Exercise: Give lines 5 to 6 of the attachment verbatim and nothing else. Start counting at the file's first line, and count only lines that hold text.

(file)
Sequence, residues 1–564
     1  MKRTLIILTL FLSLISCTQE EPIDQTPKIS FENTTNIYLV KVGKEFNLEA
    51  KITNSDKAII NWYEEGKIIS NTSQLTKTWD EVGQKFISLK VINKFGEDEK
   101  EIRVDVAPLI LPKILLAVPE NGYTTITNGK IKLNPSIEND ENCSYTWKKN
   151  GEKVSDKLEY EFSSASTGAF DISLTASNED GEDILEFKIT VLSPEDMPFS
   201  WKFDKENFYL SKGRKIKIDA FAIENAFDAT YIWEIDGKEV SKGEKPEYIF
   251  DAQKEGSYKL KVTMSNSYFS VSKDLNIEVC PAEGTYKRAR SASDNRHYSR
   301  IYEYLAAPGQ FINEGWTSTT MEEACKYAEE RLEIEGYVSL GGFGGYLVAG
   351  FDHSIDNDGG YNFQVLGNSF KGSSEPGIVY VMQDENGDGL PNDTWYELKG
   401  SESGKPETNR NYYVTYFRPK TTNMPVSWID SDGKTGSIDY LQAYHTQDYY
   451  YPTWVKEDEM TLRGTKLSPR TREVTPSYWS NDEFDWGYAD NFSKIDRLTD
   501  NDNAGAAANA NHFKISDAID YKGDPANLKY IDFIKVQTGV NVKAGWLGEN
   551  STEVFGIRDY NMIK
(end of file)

   151  GEKVSDKLEY EFSSASTGAF DISLTASNED GEDILEFKIT VLSPEDMPFS
   201  WKFDKENFYL SKGRKIKIDA FAIENAFDAT YIWEIDGKEV SKGEKPEYIF